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Seeing Oncoming Clouds - Not On Weather Radar  
User currently offlineJulianUK From United Kingdom, joined Apr 2006, 105 posts, RR: 0
Posted (8 years 3 months 3 days 3 hours ago) and read 2976 times:

I was reading a recent report that stated a Virgin 747 suffered from severe turbulence because the pilots were monitoring the weather radar and nothing was shown and as they looked up they saw cloud ahead, entered a turn as soon as possible but still went through it and it caused severe turbulence.

How often does the weather radar fail to pick up things that you can see with your own eyes and how long have you got to react? At night it must be fairly impossible to see clouds not picked up?

10 replies: All unread, jump to last
 
User currently offlineRalgha From United States of America, joined Nov 1999, 1614 posts, RR: 6
Reply 1, posted (8 years 3 months 3 days 3 hours ago) and read 2969 times:

Airborne radar only picks up precipitation, so if that cloud isn't dropping precipitation, the radar, typically, won't show a thing.


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User currently offlineBobster2 From , joined Dec 1969, posts, RR:
Reply 2, posted (8 years 3 months 3 days ago) and read 2917 times:

Quoting JulianUK (Thread starter):
as they looked up they saw cloud ahead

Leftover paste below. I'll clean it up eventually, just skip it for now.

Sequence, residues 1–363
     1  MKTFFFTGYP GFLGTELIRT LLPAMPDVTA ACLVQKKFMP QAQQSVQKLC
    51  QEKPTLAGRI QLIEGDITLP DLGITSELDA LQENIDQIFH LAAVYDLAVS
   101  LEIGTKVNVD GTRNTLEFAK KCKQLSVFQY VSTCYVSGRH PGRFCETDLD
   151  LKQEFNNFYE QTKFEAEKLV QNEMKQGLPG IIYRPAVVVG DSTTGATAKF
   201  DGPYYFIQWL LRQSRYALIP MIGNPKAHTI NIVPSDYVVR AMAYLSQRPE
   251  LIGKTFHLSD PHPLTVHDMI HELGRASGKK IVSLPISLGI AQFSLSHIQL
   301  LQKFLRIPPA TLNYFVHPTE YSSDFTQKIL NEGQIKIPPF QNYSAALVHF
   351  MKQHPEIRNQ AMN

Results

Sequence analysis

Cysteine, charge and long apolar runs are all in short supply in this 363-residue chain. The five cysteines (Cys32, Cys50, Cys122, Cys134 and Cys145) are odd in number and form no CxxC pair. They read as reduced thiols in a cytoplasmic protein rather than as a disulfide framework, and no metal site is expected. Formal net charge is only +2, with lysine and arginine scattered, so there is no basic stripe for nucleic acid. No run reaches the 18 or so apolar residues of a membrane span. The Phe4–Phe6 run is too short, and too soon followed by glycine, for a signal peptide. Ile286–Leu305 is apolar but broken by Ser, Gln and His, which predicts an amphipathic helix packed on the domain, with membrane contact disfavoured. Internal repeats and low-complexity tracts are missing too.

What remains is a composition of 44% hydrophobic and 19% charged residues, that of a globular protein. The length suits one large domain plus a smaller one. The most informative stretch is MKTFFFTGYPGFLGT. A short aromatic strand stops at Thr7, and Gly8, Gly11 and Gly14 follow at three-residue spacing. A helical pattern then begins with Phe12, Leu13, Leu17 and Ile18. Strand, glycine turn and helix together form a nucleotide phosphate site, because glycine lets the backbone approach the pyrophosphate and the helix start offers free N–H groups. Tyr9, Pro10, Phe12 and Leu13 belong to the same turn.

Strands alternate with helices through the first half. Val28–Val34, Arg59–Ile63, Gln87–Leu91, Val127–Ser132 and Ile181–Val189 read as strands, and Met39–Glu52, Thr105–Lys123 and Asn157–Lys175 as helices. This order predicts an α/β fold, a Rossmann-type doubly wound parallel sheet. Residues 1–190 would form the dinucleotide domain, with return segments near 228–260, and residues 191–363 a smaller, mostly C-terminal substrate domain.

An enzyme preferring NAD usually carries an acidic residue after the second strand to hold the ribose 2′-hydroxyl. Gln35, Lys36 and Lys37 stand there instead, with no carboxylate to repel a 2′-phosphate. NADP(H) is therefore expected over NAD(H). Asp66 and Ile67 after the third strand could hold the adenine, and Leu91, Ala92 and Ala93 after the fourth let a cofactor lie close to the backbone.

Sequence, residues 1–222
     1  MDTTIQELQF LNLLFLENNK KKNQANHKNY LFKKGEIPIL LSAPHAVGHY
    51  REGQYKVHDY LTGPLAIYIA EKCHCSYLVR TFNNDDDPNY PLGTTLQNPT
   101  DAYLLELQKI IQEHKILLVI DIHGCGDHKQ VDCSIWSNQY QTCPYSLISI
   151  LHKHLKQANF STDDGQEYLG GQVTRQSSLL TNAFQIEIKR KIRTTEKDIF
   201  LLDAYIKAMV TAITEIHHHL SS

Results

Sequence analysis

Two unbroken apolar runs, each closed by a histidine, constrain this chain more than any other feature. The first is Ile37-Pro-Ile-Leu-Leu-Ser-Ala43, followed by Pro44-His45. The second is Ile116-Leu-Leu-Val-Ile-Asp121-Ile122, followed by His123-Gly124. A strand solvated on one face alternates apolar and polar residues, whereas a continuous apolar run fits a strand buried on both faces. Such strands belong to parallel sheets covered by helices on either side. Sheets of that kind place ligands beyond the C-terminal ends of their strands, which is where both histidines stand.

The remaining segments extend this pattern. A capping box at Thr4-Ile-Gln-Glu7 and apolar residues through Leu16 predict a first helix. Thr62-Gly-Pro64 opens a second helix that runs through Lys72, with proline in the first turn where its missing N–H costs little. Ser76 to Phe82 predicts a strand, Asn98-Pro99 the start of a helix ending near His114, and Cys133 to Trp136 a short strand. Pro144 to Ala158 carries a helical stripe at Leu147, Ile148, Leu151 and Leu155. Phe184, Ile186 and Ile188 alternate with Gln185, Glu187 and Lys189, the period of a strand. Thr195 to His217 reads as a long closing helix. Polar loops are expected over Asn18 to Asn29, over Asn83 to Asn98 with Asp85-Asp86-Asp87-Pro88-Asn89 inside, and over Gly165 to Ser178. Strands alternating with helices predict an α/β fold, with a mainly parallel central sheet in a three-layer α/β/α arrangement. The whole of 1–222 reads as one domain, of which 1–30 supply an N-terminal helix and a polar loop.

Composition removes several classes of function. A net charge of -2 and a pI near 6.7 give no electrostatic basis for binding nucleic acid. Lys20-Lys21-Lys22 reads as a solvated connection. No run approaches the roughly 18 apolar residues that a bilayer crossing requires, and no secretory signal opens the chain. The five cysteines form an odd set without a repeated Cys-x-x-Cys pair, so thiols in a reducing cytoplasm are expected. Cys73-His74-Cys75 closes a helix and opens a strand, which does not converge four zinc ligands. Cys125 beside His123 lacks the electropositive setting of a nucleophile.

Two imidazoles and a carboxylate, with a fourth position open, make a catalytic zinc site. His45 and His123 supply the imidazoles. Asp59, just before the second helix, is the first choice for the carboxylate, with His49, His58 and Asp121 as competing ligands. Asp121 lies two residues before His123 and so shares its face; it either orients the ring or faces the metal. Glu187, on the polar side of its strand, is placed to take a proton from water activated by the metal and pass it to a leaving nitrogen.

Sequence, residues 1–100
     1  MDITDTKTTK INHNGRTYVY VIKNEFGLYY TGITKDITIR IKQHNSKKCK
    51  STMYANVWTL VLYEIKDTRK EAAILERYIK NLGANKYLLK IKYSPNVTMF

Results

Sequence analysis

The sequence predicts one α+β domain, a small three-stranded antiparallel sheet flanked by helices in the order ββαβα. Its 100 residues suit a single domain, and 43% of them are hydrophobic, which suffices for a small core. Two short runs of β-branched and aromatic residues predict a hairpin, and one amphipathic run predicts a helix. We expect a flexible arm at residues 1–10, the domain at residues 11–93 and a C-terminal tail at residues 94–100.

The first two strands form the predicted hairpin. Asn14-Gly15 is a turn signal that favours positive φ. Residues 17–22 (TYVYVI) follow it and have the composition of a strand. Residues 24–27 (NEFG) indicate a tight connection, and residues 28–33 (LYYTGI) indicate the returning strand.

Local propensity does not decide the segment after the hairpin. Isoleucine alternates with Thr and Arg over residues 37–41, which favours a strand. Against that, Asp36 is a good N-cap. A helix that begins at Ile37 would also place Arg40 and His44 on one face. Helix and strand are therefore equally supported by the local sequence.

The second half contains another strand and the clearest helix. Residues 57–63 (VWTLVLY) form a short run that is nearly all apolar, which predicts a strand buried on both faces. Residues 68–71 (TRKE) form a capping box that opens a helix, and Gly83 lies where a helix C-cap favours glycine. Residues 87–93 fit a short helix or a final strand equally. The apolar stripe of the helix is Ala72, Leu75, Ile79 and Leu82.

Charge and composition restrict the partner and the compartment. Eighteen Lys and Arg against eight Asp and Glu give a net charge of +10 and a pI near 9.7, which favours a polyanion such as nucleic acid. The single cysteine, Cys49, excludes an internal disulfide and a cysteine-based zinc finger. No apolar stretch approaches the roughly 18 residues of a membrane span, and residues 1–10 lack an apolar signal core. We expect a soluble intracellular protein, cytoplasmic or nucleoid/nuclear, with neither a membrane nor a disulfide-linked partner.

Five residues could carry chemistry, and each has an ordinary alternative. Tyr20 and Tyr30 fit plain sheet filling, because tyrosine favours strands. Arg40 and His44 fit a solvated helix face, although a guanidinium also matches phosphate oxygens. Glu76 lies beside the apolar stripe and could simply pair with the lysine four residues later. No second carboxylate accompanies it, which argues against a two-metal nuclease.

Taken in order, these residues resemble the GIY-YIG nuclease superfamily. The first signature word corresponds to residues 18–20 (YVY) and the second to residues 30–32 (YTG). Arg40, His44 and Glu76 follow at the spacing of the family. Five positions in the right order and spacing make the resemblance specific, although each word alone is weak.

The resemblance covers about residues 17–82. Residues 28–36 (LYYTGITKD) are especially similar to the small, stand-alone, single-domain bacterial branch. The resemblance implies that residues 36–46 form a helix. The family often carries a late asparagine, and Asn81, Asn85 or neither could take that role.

My guess is that the turbulence woke them up from deep sleep, and they later agreed to make up a story about seeing the cloud at the last minute. How can you possibly not see a cloud? Gimme a break.  Smile


User currently offlineDashTrash From United States of America, joined Aug 2006, 1565 posts, RR: 2
Reply 3, posted (8 years 3 months 3 days ago) and read 2902 times:

It could happen. In areas of thunderstorm activity it can be easy to fixate on the radar and rely on it to keep you out of the bumps. You can forget to look out the window.

I once deviated around a thunderstorm and into a cloud that actually knocked a tach cable loose in the airplane. Some of the heaviest turbulence I've ever been through. That cloud would not have shown on the radar.


User currently offlinePhilSquares From , joined Dec 1969, posts, RR:
Reply 4, posted (8 years 3 months 2 days 12 hours ago) and read 2835 times:

Quoting Bobster2 (Reply 2):